In his last paragraph of today’s devotional, Ed Mathews wrote about Ezekiel’s commission, using Ezek 2.5 as his main text:
“This passage has a special significance for ministers of the word. It shows them the rigors of their appointment, the boundaries of their task, and the source of their strength. It warns them against altering the message. It clarifies the purpose of their actions, Ezekiel 2:5. It validates the reason for being faithful to the end, II Corinthians 2:14-16.”
Focus question: How much does numerical success motivate my service in the Word, rather than faithfulness to the task?
Today’s devotional by Ed Mathews includes this paragraph on the disciples’ abandonment of Jesus at his betrayal:
Neglect of prayer. During the prayer vigil in Gethsemane, Peter slept, Mark 14:37,38. Satan wanted to sift him like wheat, Luke 22:31,32. Peter did not understand the situation, Luke 22:33. The most confident was the most vulnerable. Jesus encouraged him to pray, Luke 22:40,46. Peter took a nap. He gave the devil an opening. He fell. He fell badly, Mark 14:66-72. Later, this same apostle wrote, “be alert,” I Peter 5:8.
Stay close to Jesus.
Focus question: What today has the potential to distance you from Jesus? Deal with it effectively.
No truer word spoken than this, by Ed M., in his devotional for today in Plow New Ground:
Most of us do not face a brief hour of martyrdom but years of frustration.
See why he says this at the link above.
Focus question: What long-term frustrations do I deal with? How am I dealing with them? Are they causing my love for God to grow or diminish?
The inspiration to volunteer. God is the electricity in spiritual commitment. His grandeur stirs the souls of men to serve. He is the fire that burns in the bones of the faithful, Jeremiah 20:9. The life blood of Christian ministry is “for His sake,” II Corinthians 4:5,11; 12:10; III John 7. The saints pray for such a single minded devotion to God, Psalms 51:12. They know the Lord is not satisfied with our gifts alone. He asks for our hearts, Proverbs 23:26. Like the apostle Paul, God does not want our possessions. He wants us! II Corinthians 12:14. Gifts are acceptable when the giver gives himself first, II Corinthians 8:5. Self-sacrifice pleases God. It is an act of worship, Romans 12:1. —Ed Mathews, Plow New Ground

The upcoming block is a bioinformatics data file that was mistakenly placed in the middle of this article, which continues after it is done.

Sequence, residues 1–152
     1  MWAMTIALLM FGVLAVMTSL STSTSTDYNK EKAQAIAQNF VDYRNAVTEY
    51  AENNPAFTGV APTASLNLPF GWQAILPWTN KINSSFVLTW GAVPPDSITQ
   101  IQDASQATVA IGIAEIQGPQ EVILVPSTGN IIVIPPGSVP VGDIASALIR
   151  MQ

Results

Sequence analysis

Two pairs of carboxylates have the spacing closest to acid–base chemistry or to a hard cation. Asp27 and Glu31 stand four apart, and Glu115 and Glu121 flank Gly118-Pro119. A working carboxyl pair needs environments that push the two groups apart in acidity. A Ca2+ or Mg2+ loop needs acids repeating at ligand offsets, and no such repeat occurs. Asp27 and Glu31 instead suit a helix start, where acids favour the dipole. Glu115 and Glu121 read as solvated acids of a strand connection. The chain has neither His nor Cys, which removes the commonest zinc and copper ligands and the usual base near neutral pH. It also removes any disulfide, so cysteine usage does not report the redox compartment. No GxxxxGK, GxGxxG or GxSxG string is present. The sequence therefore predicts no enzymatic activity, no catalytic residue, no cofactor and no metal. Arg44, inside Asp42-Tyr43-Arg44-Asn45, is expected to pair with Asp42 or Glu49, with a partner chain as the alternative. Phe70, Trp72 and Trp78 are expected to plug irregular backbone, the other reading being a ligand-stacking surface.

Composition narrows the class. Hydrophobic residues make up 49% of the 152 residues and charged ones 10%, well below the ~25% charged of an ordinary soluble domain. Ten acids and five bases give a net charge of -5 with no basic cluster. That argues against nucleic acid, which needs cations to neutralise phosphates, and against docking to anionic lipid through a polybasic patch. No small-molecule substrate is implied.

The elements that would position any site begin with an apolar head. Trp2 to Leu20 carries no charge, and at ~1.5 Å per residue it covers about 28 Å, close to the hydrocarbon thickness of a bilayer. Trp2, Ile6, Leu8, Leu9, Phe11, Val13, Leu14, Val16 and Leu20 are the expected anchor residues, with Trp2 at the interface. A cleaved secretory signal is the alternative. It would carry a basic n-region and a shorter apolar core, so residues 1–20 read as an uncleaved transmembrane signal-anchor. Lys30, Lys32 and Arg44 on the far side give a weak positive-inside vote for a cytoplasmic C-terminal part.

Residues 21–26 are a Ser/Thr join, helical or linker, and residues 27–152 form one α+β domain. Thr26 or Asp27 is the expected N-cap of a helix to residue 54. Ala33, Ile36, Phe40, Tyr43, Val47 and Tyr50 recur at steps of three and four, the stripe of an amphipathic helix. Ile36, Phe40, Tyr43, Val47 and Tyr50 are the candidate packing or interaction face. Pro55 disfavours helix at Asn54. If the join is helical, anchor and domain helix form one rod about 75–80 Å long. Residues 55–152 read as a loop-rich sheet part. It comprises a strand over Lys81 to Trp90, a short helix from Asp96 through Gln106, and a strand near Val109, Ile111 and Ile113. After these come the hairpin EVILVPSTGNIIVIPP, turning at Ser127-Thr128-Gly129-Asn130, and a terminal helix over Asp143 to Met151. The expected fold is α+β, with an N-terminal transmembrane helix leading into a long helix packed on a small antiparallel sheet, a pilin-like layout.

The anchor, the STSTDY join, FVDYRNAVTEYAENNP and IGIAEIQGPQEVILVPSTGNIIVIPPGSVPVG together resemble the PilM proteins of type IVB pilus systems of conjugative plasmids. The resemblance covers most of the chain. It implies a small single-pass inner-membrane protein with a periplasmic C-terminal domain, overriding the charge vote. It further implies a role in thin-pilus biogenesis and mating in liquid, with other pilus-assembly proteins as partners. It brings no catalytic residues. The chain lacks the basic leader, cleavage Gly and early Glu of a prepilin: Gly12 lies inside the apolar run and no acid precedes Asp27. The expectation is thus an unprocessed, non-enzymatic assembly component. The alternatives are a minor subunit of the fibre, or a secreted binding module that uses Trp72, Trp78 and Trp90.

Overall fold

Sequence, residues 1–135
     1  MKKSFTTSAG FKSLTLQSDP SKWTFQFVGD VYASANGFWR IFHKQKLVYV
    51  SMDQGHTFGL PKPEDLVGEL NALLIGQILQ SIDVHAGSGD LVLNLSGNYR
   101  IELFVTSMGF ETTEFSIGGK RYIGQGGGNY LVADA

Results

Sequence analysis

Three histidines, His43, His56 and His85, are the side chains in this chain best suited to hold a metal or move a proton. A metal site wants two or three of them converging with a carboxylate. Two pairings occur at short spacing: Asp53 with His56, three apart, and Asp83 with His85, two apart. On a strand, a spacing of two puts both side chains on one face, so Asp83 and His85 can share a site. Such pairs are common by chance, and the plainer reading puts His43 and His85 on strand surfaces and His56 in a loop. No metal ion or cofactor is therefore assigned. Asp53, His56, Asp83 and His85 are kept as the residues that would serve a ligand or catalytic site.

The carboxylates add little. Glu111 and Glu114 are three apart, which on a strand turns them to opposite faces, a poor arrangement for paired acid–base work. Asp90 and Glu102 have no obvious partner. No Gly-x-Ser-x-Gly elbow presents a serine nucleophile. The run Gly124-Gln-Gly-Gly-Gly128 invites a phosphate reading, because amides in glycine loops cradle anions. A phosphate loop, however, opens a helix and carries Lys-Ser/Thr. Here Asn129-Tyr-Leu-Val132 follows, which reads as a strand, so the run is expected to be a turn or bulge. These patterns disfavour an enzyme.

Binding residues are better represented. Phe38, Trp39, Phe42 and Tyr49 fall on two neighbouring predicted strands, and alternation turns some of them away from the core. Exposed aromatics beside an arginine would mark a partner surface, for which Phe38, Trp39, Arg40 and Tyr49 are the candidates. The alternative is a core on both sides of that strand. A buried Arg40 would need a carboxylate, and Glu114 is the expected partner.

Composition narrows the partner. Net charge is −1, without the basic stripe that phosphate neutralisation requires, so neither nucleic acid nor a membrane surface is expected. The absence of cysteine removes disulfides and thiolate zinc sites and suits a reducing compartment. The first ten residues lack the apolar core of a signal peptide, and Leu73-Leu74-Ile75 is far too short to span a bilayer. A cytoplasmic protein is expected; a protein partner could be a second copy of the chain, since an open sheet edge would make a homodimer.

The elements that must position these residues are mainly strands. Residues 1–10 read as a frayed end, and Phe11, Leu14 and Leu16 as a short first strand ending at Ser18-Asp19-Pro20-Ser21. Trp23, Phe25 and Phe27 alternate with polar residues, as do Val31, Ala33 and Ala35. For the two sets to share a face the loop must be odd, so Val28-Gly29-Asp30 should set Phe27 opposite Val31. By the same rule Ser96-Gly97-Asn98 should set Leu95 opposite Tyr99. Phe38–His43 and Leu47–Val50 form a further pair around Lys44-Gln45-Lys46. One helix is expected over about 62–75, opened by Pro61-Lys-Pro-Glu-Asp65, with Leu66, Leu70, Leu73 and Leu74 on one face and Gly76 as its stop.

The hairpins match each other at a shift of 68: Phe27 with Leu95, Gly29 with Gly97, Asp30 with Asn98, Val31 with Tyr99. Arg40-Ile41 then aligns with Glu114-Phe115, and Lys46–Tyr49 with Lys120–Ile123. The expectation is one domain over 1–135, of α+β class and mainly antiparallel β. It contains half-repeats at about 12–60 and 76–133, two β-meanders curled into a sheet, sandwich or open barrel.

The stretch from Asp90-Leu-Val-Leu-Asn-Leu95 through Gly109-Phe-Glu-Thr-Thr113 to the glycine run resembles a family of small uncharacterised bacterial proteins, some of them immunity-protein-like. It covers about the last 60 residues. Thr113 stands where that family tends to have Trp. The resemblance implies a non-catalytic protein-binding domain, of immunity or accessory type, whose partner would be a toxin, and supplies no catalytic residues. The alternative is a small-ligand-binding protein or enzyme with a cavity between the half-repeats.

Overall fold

How can I gauge my selfless giving? How can I give my heart wholly to God? How can I be stirred to serve God in all his grandeur?
Christians live to serve. We do so in quiet trust and humble obedience. We discharge our responsibility in common places and in simple tasks with redemptive power. We do what we can, II Corinthians 8:12.
So wrote Ed M., in today’s devotional, in his work, “Plow New Ground,” with 1 Cor 4.1 as main text.
Focus question: What can you do, right now, to serve God and point others to Christ?
These phrases come from today’s Plow New Ground devotional by Ed. M., about Abraham offering his son Isaac in Gen. 22.
- [God] wanted an understanding of who He is more than He wanted burnt offerings, Hosea 6:6.
- Faith is trusting God to provide what He promised.
- We admire [Abraham’s] faith without trying to copy his obedience!
- He sacrificed himself before he put Isaac on the altar, Romans 12:1.
Focus question: How do you show obedience to God above your own desires and emotions?
Ed M. helps us understand David’s despair in 1 Sam 30.6 and how that serves as an example for us.
David did not ask God for a miracle. He did not plead for a legion of angels. He asked for advice. He waited for a word from heaven. Then he moved ahead, Psalms 16:7. Difficulties were overcome. Victories were won. All went well because everyone went with God. A few months later David was crowned king over the nation of Israel.
Focus question: What word of heaven comes to you today from the Scriptures? In your crisis, what does God say?
Ed M. reflects today on God’s goodness, saying among other things:
There is something very comforting about his goodness. He lovingly provides for our welfare. He constantly cares for our happiness. We are not lost in the huge multitude, hidden by the complexity of the world, or obscured by the vastness of space, Psalms 8:3,4.
Focus question: Does my conviction of God’s goodness endure in the midst of trials?